That of course makes it sound a lot easier than it often is in practice, but if your employer fails to protect you or to take appropriate disciplinary action against the perpetrator, or if in any other way your employer’s procedures don’t result in a satisfactory resolution, you can approach the CCMA for assistance.
Your employer must also ensure confidentiality of all complaints (only to the extent possible of course – your identity is integral to the process itself), and assist you where possible with advice, assistance, counselling, additional sick leave and so on as appropriate.
Can you claim damages? 2 cases illustrate
Firstly, you may well have a damages claim against both the perpetrator and employer. Take for example the High Court case of a municipal employee who claimed R4m for a sexual assault and molestation in which her immediate superior had attempted to insert his tongue into her mouth and then later addressed her with words “bearing sexual connotations”. She suffered post-traumatic stress disorder and eventually had to resign her post. The Court ordered that both the perpetrator and employer were liable for whatever damages she could prove.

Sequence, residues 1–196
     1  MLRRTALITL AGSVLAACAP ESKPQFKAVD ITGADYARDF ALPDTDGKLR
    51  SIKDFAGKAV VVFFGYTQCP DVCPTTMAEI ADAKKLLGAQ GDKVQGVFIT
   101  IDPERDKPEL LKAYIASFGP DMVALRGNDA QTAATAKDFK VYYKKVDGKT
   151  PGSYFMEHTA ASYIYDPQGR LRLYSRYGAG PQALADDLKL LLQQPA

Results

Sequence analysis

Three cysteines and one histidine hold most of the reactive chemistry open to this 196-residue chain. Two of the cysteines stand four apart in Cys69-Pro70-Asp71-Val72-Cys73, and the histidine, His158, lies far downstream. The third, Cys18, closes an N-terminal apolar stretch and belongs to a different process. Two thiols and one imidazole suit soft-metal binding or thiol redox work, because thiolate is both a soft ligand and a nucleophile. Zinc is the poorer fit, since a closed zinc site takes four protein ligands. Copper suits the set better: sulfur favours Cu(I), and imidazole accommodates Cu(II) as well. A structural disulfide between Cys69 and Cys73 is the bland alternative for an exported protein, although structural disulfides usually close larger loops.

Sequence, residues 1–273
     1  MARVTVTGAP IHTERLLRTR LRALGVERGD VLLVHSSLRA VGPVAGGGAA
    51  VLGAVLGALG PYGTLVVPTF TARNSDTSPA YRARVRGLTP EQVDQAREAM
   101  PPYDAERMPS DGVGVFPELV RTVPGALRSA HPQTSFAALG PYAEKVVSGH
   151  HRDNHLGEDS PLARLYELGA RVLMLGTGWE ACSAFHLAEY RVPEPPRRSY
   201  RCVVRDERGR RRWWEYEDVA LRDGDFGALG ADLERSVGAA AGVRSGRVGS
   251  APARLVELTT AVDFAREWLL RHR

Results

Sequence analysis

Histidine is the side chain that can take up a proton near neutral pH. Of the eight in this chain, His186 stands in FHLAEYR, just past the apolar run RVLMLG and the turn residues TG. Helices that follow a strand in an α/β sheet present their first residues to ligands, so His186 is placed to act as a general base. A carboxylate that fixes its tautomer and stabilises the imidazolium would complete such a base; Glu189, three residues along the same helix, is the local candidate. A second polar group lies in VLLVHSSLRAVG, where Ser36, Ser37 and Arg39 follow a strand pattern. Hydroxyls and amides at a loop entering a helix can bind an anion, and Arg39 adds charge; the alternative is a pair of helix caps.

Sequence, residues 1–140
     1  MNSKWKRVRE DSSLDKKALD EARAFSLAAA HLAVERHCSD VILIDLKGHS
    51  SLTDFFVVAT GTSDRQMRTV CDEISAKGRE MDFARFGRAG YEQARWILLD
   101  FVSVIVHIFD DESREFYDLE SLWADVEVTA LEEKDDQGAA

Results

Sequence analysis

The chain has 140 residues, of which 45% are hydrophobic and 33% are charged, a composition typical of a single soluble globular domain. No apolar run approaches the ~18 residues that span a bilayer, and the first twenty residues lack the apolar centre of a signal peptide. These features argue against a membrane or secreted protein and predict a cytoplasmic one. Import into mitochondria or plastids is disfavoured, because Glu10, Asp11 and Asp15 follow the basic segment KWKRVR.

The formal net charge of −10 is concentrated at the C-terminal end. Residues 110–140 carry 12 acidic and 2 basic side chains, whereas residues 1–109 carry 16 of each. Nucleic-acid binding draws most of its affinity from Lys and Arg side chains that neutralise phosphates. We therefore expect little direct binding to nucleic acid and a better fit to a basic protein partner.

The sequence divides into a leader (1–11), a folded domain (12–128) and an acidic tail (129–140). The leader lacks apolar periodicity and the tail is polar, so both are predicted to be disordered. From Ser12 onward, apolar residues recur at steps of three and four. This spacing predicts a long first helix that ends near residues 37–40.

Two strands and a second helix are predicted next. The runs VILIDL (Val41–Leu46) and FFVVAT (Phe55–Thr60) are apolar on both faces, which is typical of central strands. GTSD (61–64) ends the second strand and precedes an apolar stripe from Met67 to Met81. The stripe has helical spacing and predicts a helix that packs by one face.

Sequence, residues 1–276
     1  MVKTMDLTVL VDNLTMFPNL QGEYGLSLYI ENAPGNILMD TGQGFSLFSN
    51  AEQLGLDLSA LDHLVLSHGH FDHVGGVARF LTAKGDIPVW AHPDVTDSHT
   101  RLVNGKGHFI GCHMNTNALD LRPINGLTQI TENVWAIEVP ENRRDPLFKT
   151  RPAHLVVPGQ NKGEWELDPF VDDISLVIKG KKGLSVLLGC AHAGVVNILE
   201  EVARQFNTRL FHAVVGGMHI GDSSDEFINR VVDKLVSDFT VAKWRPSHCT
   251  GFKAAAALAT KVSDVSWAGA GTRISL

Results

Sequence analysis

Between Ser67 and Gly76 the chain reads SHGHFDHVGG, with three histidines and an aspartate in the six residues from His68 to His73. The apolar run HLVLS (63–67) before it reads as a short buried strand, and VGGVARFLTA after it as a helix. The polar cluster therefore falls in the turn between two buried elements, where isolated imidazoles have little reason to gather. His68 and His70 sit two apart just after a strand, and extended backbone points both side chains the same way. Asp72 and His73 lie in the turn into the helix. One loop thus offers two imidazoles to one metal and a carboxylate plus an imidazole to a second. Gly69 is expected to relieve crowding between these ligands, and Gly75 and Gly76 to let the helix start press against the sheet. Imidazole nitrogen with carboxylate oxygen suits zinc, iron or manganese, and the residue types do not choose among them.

You could also have a claim against your employer for failing to prevent unfair discrimination in terms of our labour laws. Thus an insurance clerk, subjected to ongoing sexual harassment by a senior manager, was awarded R250,000 damages by the Labour Appeal Court after her employer’s failure to take action against the manager made her work environment intolerable and led to her resignation.
Warning off a sex pest with dismissal; 3 examples to quote